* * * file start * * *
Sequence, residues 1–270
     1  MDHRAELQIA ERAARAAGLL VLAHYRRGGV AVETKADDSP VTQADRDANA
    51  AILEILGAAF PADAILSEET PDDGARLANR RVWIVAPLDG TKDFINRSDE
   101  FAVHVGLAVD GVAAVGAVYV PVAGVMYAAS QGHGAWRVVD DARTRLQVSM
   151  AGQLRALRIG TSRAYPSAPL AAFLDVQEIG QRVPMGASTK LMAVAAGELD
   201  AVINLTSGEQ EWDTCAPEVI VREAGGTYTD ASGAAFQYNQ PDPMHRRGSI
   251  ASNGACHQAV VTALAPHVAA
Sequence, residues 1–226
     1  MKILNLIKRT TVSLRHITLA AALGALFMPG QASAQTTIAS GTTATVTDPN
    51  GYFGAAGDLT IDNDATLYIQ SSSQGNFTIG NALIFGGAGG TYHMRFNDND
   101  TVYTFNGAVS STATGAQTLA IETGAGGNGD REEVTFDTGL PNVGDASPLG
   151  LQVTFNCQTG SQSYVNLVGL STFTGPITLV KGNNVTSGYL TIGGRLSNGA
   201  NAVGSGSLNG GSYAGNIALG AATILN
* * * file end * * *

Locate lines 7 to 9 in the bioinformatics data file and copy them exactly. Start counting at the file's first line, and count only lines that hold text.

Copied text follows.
   251  ASNGACHQAV VTALAPHVAA
Sequence, residues 1–226
     1  MKILNLIKRT TVSLRHITLA AALGALFMPG QASAQTTIAS GTTATVTDPN